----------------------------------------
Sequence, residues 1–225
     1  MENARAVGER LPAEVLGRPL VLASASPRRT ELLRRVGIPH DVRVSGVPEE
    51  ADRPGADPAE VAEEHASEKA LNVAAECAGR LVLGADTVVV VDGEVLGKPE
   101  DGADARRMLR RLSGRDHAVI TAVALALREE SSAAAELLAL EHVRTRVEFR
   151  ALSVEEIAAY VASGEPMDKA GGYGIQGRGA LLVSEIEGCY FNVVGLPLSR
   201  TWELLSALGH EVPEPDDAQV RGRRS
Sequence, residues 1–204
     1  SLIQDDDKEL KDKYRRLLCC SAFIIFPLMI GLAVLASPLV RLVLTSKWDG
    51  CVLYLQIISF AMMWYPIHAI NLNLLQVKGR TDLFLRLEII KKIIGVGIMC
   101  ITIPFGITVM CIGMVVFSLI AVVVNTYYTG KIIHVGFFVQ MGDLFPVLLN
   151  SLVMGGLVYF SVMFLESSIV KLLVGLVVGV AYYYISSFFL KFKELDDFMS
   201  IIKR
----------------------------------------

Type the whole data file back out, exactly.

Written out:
Sequence, residues 1–225
     1  MENARAVGER LPAEVLGRPL VLASASPRRT ELLRRVGIPH DVRVSGVPEE
    51  ADRPGADPAE VAEEHASEKA LNVAAECAGR LVLGADTVVV VDGEVLGKPE
   101  DGADARRMLR RLSGRDHAVI TAVALALREE SSAAAELLAL EHVRTRVEFR
   151  ALSVEEIAAY VASGEPMDKA GGYGIQGRGA LLVSEIEGCY FNVVGLPLSR
   201  TWELLSALGH EVPEPDDAQV RGRRS
Sequence, residues 1–204
     1  SLIQDDDKEL KDKYRRLLCC SAFIIFPLMI GLAVLASPLV RLVLTSKWDG
    51  CVLYLQIISF AMMWYPIHAI NLNLLQVKGR TDLFLRLEII KKIIGVGIMC
   101  ITIPFGITVM CIGMVVFSLI AVVVNTYYTG KIIHVGFFVQ MGDLFPVLLN
   151  SLVMGGLVYF SVMFLESSIV KLLVGLVVGV AYYYISSFFL KFKELDDFMS
   201  IIKR